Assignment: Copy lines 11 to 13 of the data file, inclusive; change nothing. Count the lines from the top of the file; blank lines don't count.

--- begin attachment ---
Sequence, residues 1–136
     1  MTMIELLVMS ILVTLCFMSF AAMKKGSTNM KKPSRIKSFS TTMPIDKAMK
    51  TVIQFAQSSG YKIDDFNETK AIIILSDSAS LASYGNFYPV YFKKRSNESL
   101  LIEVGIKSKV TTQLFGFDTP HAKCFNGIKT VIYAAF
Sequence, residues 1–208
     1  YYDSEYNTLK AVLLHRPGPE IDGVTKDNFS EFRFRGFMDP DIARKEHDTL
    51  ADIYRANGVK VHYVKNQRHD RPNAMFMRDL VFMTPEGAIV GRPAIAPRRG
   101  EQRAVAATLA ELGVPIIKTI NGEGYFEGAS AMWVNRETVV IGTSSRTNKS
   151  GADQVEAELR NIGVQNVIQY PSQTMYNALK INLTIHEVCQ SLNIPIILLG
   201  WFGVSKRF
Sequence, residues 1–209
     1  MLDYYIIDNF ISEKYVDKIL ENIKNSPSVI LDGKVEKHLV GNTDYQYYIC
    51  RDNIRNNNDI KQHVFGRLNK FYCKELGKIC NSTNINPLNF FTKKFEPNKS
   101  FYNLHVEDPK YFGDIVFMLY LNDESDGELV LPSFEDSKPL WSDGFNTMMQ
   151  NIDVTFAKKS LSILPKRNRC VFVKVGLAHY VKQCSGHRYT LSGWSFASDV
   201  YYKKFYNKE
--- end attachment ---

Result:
Sequence, residues 1–209
     1  MLDYYIIDNF ISEKYVDKIL ENIKNSPSVI LDGKVEKHLV GNTDYQYYIC
    51  RDNIRNNNDI KQHVFGRLNK FYCKELGKIC NSTNINPLNF FTKKFEPNKS